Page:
2 Corinthians Bible Study (God's Power Made Perfect in Our Weakness)

2 Corinthians 1:23-2:11, Not Ignorant of Satan’s Schemes


You will notice that he concludes this paragraph in 2 Corinthians 2:11 by saying, “So that we would not be outwitted by Satan, for we are not ignorant of his schemes.” We might have heard this phrase before, “We are not ignorant of Satan’s schemes.” But have we explored what Satan’s schemes actually are? Satan is constantly at work against us as individuals and as a church. So we must look at what Paul says that Christians must watch out for because we know the schemes of Satan. What Paul will teach these Corinthians now is very important because he is reminding them of the foe they face.

Paul ended the last paragraph telling the Corinthians that it was his full intention to come see them. So why didn’t Paul come to them like he said he would? Paul says that he intended to come to them twice, which would have been a double blessing to them. But he did not do it. Paul says that he was not being duplicitous when he said he would come. Rather, Paul had a very important reason not to come. Open your copies of God’s word to 2 Corinthians 1:23 and we will look at what Paul says about the situation in Corinth and the great message God has for us in this portion of God’s word.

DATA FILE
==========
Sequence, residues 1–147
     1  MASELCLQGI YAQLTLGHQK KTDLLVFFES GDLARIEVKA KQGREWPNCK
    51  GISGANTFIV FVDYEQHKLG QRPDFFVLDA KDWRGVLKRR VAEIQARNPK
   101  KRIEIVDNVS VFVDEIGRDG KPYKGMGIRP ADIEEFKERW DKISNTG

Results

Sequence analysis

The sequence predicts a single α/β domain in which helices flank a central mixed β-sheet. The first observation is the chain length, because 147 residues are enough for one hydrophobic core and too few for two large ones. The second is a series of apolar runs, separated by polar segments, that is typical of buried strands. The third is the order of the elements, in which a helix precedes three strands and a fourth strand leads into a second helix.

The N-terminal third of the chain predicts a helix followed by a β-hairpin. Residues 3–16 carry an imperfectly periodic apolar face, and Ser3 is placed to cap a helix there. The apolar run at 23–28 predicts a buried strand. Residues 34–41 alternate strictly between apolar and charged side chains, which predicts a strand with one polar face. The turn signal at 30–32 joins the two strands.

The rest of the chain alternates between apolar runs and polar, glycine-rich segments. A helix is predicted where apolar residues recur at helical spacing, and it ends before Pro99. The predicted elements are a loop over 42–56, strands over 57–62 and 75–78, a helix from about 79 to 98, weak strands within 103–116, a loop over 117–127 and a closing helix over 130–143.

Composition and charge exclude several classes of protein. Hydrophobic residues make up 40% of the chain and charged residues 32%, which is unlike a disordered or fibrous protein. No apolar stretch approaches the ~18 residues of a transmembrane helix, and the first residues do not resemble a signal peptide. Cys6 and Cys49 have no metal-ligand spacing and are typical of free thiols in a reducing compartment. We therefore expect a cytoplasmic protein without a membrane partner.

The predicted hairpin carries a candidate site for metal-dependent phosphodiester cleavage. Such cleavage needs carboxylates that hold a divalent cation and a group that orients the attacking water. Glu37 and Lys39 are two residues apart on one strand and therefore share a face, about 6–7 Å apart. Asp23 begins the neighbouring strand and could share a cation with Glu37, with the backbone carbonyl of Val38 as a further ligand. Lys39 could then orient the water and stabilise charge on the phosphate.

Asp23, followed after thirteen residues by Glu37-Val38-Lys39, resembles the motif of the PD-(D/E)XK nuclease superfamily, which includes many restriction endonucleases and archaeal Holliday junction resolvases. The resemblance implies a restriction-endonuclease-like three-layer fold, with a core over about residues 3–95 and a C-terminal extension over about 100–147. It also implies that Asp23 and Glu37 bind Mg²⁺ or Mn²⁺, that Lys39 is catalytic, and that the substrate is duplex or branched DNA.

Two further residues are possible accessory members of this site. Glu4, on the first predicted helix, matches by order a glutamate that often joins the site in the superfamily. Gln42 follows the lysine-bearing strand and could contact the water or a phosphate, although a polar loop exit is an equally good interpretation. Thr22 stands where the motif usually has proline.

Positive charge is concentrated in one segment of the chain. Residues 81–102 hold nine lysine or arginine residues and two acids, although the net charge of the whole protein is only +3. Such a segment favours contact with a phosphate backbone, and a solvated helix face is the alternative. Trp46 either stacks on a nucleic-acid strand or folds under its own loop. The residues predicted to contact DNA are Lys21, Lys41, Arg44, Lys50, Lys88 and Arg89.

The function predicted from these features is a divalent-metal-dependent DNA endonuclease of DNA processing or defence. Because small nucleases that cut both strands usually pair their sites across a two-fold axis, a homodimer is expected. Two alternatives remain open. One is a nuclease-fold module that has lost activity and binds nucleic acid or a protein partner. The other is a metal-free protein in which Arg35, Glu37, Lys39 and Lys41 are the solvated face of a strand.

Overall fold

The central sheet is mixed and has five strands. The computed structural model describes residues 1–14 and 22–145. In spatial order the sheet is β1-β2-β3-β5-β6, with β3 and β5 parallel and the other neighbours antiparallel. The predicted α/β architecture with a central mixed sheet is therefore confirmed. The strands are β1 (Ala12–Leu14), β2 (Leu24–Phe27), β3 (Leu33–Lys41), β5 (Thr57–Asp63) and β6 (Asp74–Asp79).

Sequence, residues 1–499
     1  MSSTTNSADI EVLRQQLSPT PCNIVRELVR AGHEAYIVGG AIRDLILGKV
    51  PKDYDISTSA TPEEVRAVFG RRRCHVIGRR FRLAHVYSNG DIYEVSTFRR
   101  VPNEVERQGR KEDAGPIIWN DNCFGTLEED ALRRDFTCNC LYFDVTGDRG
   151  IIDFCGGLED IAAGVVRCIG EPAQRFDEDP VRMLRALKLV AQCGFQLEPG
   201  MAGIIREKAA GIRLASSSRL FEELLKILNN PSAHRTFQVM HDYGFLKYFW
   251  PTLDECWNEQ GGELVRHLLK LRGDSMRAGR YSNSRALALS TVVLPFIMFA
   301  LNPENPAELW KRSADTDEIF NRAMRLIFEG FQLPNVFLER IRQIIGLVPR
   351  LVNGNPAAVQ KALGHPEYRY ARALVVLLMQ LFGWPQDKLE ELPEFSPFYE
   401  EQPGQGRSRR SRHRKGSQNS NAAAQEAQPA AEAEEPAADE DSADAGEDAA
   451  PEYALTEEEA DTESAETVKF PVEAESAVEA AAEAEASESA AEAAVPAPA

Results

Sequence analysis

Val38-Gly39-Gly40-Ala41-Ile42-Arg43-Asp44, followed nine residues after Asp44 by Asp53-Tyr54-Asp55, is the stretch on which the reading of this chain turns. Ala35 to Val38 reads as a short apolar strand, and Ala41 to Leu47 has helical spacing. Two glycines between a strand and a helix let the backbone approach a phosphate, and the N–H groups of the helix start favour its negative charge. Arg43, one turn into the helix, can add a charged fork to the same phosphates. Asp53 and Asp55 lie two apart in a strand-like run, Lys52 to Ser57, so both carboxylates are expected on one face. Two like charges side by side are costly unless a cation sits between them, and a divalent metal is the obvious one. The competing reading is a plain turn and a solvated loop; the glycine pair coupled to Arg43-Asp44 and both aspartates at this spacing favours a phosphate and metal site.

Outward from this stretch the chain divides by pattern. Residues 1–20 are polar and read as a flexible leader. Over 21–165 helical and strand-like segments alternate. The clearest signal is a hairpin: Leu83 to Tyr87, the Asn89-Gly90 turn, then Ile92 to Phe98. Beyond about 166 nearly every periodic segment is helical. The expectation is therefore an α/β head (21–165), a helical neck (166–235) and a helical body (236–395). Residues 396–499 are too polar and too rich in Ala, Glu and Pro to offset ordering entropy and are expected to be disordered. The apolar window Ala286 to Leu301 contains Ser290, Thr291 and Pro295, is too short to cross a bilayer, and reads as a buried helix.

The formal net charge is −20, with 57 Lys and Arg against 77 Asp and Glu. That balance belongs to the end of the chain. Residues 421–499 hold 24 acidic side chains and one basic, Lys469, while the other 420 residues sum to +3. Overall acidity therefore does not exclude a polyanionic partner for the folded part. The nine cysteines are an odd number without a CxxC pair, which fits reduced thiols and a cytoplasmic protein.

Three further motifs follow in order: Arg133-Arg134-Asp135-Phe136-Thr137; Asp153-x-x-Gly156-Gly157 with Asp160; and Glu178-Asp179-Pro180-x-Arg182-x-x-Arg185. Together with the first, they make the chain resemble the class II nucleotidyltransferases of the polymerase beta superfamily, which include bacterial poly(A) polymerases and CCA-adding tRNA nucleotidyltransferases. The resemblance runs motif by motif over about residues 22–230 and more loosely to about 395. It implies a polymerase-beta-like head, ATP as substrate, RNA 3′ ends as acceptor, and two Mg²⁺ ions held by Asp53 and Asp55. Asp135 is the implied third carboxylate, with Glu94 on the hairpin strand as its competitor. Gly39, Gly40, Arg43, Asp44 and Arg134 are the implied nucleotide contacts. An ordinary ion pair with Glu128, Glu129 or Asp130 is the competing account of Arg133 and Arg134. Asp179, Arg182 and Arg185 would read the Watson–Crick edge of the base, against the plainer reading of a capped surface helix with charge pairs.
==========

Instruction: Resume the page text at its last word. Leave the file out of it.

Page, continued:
The Reason Paul Did Not Come (1:23-2:4)

Paul says that the reason Paul did not come see them like he said was not because he had a duplicitous heart. Rather, he did not come see them for their own benefit. In 2 Corinthians 1:23 he says that he did not come so that he would be able to spare them. He did not want to make another painful visit (2 Corinthians 2:1). Paul did not want to cause them pain because he may find these Christians not behaving as they ought to. Paul was like a father to them and to cause these Christians pain was to cause himself pain (2:2). So instead of visiting them, Paul determined to write a letter to them so that when he did come it would not have to be another painful visit (2:3-4). In this letter Paul says that he wrote to them out of his abundant love that he has for them. Paul’s joy was closely tied to their joy.